Anita Doudaine considers that La France insoumise and the New Anti-Capitalist Party “not only have ideas, they also have solutions”, which would not be the case for Marine Le Pen (National Rally, extreme right), Éric Zemmour ( Reconquest, far right) or outgoing President Emmanuel Macron (La République en Marche, center). She criticizes the latter for not giving concrete leads on how to finance their “great ideas for reform”, unlike François Ruffin of La France insoumise, according to her. “I find it important to know whether the ideas can be implemented or not,” she says.
For the Swiss, the two main far-right candidates Marine Le Pen and Éric Zemmour are in competition, “and it’s very good like that,” she adds, laughing. She is satisfied that the president of Reconquête is a candidate in the presidential election, because “it reduces the risk that one of the two passes in the first round”. And to add with conviction: “Anyway, neither of them is eligible for me!”
She thinks Valérie Pécresse (Les Républicains, right) and Emmanuel Macron will be in the second round of the election on April 24, although she sees “no big difference between their two programs”.
“Catastrophic” is the adjective with which Anita Doudaine qualifies the five-year term of the outgoing president. “Since I have lived in France, I have never seen people so divided”. She castigates the dismantling of hospitals and the privatization of retirement homes.
However, she recognizes that not all the current problems can be blamed on Emmanuel Macron: “It is also the responsibility of previous governments who put a patch here, a patch there”, without ever tackling the real problems. , which are now “urgent” and to which “radical solutions will have to be found”.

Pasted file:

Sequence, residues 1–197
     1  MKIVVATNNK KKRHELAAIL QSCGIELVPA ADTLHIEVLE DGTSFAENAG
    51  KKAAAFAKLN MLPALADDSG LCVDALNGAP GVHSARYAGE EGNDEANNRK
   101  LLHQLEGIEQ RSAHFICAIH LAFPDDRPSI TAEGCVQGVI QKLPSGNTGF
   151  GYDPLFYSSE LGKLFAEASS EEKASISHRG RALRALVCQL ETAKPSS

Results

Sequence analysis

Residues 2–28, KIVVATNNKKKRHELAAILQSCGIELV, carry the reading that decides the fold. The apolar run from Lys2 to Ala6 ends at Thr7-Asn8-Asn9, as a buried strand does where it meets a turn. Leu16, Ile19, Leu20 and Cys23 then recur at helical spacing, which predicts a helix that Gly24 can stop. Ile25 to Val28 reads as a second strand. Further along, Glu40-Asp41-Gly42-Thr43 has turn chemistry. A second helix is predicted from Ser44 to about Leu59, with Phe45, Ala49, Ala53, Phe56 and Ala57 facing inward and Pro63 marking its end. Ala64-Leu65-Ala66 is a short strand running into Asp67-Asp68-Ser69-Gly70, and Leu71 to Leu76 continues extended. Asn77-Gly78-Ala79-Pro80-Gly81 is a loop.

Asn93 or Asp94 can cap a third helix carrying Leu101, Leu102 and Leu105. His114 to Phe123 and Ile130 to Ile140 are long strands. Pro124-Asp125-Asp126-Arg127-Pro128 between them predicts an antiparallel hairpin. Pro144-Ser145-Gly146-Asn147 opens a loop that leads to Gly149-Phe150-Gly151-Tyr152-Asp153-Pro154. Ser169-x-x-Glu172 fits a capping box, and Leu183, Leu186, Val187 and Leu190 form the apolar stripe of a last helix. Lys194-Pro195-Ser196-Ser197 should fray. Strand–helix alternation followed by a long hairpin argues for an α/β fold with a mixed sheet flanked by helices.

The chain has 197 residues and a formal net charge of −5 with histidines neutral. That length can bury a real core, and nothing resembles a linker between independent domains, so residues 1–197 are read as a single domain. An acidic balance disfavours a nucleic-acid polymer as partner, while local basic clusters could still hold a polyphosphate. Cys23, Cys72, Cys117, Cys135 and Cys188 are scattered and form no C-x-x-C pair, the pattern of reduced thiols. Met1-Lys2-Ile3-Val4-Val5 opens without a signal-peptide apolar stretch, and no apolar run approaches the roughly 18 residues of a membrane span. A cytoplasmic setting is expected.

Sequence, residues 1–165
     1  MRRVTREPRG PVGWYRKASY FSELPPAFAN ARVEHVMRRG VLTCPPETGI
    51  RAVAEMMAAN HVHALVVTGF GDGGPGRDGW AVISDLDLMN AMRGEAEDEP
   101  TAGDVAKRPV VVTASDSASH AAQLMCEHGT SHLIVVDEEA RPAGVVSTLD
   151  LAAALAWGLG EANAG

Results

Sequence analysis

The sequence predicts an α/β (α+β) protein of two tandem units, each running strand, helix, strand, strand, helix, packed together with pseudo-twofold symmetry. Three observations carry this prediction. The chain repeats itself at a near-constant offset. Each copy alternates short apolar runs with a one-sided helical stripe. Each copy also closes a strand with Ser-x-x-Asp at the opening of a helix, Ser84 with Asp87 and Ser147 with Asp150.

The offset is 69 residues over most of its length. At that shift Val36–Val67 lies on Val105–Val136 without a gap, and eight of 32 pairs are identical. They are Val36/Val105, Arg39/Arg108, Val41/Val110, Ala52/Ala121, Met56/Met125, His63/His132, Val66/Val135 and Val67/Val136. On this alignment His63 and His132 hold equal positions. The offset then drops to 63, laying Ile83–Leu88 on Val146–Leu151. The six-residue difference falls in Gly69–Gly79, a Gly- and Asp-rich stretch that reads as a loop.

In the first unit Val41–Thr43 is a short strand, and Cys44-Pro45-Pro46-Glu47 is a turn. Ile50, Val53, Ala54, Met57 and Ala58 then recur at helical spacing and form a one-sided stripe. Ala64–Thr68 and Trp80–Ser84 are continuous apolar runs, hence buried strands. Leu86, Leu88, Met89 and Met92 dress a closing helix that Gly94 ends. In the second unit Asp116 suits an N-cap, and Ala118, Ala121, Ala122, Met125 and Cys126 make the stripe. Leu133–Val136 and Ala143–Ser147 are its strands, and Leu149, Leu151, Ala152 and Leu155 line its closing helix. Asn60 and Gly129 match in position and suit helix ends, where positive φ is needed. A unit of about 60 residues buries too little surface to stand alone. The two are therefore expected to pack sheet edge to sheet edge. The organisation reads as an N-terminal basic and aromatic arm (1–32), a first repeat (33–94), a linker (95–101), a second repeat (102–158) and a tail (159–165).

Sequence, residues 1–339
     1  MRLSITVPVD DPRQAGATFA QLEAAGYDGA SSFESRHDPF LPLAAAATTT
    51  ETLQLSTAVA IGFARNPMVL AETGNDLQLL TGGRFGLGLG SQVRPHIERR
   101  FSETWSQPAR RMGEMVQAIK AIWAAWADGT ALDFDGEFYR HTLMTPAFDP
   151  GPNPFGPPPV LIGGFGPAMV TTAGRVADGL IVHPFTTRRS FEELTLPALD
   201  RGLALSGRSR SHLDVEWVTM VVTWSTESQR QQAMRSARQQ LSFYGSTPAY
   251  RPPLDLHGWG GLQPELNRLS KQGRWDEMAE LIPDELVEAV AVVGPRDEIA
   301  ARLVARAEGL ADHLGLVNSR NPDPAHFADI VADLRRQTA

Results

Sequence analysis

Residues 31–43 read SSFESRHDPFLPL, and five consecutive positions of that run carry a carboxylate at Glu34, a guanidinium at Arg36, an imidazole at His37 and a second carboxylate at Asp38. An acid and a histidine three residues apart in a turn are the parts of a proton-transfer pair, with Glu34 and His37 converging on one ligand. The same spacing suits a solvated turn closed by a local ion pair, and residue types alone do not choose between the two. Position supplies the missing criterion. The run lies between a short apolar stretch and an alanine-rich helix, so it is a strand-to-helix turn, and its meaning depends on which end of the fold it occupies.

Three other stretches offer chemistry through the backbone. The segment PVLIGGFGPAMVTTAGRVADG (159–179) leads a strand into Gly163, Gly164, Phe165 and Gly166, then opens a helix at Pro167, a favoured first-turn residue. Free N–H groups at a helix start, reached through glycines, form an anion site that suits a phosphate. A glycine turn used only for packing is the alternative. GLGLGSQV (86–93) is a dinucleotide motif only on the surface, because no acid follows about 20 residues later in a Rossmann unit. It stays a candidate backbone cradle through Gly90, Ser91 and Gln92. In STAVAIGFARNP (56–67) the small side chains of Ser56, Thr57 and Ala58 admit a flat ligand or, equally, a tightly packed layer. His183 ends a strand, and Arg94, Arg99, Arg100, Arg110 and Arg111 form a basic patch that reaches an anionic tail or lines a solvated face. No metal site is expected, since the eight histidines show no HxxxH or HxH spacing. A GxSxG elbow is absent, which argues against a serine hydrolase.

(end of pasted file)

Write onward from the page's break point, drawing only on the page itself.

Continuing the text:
For her, the rise of extremes in France, whether left or right, “is the result of the last twenty years in politics”.
The Yellow Vests
She attributes the Yellow Vests crisis to “a resigning state”. Starting in November 2018, hundreds of thousands of people wearing yellow safety vests staged blockades and marches, initially to protest fuel tax hikes, but also more broadly against the government’s decline in power. purchase and to denounce the gap between the government and the territories.
The one who works in an administration today says “people’s distress when the planned aid does not arrive, when electricity, gas and petrol are taxed so much that they can no longer afford it, when people who have worked all their life get only 700 euros a month and the state does nothing”. The fault is also due to a policy very oriented towards cities and urban areas, according to her, “while in the countryside we do not even have public transport”.
So, out of solidarity, Anita Doudaine actively participated in the Yellow Vests movement and goes “still to demonstrations from time to time”. But, three years after the start of the crisis, “there is a certain resignation”. She has the impression that things have not progressed much.
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A country impossible to reform
The Appenzelloise is aware of the fact that the governments in France do not have an easy task, because almost every desire for major reform results in large-scale demonstrations. This is the reason why she thinks that direct democracy is not possible in France: “People are not ready to make personal sacrifices for the common good, even those who earn a sufficiently good living”.
Anita Doudaine does not believe that the French people would accept decisions that would only garner a narrow majority in the popular vote. “Accepting the democratic process takes time, you have to become familiar with it, over several generations,” she says.
According to the Swiss, giving more voice to the people would require a radical transformation of the French political system. Because “a direct democracy with a president at its head and a majority in parliament is not possible. He or she would have too much influence on the votes”.
If she does not find many positive points in French centralization, she still sees an advantage over the Swiss system: speed. “Decisions can be made quickly and this allows quick reactions to urgent problems,” she says.